colour screenprint on wallpaper
115.9 x 75.3 cm (image and sheet)
Feldman & Defendi II.12A
National Gallery of Victoria, Melbourne
Gift of James Mollison AO, 2002
© Andy Warhol/ARS, New York. Licensed by VISCOPY, Australia
Pop art emerged as a dynamic force in England and America during the 1960s and 1970s. Artists such as Andy Warhol, Robert Rauschenberg, Jasper Johns, Eduardo Paolozzi and David Hockney were inspired by images from popular culture and the mass-media to create art that engaged directly with the contemporary world in a new and exciting way.
In the U.K., Paolozzi was one of the first artists to use images drawn from sources including science fiction and magazine advertisements to create collages that inspired the term "Pop Art". His work encouraged a younger generation of artists to re-think the place of popular culture within a fine art context. London's Royal College of Art produced some of the leading proponents of the movement including David Hockney, Peter Blake, Joe Tilson and Patrick Caulfield. In New York, artists such as Andy Warhol, Roy Lichtenstein and James Rosenquist had also begun to incorporate graphic imagery from advertising and cartoons into their work in what was a fresh approach to art that revelled in contemporary culture.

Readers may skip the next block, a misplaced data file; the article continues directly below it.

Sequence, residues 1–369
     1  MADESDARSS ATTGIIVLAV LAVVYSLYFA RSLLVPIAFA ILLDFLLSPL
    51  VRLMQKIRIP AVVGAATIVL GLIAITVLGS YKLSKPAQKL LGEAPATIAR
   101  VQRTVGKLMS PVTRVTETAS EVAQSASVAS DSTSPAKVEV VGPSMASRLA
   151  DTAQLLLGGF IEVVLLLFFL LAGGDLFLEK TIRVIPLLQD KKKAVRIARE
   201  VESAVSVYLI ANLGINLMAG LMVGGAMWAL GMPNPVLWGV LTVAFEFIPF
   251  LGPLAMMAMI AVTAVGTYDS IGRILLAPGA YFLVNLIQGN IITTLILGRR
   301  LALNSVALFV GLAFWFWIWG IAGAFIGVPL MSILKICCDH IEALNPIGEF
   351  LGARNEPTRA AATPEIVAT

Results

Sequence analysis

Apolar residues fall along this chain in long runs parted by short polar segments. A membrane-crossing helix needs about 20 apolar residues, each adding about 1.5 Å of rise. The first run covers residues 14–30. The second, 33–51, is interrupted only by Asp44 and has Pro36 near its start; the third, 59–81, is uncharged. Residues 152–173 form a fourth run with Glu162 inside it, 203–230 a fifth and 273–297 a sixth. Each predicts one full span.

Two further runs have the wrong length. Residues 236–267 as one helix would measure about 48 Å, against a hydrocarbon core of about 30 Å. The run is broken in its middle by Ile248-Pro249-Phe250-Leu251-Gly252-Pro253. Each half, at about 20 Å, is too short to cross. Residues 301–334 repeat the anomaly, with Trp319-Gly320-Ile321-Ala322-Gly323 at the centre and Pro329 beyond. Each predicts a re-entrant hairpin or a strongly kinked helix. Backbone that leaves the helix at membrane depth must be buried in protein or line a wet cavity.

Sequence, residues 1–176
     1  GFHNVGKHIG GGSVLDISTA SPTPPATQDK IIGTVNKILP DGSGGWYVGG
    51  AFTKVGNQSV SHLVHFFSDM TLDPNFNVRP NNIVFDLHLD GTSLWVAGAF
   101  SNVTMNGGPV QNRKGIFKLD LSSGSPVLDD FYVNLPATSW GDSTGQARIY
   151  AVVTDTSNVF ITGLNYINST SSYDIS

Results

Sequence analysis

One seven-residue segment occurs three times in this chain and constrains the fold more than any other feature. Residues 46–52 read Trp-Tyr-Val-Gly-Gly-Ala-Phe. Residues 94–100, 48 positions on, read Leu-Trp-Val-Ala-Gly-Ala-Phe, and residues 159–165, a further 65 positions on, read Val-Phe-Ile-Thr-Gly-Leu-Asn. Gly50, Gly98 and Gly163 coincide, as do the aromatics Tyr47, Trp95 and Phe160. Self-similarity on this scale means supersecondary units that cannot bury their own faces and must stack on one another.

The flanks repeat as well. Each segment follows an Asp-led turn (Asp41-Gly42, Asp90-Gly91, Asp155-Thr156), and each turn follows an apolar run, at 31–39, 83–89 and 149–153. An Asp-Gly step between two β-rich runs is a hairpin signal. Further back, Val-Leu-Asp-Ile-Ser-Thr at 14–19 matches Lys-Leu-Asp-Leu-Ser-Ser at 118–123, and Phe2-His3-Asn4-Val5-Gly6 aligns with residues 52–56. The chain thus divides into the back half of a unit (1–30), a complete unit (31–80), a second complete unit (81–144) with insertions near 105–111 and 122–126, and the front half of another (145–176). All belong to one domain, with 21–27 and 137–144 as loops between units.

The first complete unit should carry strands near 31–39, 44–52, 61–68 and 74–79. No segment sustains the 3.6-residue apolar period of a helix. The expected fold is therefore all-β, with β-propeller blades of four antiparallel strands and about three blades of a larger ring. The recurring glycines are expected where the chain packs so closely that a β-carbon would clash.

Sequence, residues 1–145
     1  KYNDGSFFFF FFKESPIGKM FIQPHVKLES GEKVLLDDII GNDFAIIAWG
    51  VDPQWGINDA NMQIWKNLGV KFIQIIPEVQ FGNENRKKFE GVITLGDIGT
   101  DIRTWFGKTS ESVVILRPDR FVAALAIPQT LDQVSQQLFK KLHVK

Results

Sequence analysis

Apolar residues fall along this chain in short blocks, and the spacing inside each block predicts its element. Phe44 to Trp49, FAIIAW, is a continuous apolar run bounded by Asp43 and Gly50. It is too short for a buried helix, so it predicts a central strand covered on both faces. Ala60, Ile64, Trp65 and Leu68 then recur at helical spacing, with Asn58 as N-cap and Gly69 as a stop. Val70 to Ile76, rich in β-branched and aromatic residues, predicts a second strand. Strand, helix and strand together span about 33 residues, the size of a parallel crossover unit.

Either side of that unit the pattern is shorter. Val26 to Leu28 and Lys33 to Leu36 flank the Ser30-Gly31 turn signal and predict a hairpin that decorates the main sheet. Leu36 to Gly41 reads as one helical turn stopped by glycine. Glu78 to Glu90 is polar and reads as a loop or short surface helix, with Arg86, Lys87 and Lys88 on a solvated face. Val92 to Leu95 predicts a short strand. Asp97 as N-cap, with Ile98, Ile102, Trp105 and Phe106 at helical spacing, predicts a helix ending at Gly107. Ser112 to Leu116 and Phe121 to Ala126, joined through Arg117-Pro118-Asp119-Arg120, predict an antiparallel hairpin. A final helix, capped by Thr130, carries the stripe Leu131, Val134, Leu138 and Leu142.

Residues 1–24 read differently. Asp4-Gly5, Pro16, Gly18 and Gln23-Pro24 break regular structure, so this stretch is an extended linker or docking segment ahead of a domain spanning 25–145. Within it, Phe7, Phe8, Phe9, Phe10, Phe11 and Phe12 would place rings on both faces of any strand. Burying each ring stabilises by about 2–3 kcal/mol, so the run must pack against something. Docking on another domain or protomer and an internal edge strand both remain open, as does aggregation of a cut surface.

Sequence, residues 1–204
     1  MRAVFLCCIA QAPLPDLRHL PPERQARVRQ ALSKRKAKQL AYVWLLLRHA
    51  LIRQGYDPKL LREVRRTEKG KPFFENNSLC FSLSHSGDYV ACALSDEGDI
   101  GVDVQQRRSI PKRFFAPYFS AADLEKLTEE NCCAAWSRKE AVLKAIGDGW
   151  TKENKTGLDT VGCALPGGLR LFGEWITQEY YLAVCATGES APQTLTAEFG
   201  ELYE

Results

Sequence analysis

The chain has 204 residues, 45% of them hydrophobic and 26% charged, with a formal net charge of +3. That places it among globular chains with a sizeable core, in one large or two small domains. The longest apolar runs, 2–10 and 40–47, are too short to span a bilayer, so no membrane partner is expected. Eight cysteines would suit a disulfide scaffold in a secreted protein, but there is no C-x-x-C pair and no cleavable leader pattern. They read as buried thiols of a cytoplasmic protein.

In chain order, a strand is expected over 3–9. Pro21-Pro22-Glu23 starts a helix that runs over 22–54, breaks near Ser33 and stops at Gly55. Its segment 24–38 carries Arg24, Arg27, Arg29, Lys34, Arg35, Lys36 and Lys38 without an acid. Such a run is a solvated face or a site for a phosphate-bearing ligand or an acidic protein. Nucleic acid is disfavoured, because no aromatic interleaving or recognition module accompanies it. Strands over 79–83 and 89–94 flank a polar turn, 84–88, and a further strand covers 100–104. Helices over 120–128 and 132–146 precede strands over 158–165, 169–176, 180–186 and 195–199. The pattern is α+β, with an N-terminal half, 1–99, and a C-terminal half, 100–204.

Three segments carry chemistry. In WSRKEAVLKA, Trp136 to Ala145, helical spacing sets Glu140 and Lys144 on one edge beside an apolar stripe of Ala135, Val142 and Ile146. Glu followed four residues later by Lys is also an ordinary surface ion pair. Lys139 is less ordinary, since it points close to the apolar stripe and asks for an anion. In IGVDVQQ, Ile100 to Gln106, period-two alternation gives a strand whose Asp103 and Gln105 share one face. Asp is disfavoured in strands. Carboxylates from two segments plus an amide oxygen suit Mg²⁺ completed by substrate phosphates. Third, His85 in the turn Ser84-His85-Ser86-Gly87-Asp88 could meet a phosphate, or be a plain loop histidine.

The 60s was a turbulent decade of social ferment and political upheaval. Images of the Vietnamese war, racial riots in the US and revolutionary leaders circulated widely in the press and on television. This exhibition features classic pop images drawn from the media's representation of this turmoil including Warhol's images of the grieving Jacqueline Kennedy at the funeral of JFK, Tilson's images of the Vietnamese leader Ho Chi Minh and the Cuban revolutionary leader Che Guevara, and Rosenquist's Mayor Daley from the Chicago race riots. Other works in the exhibition show Pop's predilection for the light-hearted iconicisation of everyday objects including John's flags, Warhol's soup cans and Dine's paintbrush.
Printmaking provided the perfect medium with which Pop artists could create their graphic images, by using the same print processes employed by the mass-media. As a result printmaking witnessed an extraordinary resurgence during the Pop period that is represented in this exhibition.15 Minutes of Fame: 20 Years of Pop Prints presents more than 100 prints from the National Gallery of Victoria's collection which demonstrate the diversity and vitality of Pop art produced in the UK and the USA.
Andy Warhol once said everyone will have their 15 minutes of fame, however, artists in this exhibition have now become household names, their works encapsulating the spirit of the era.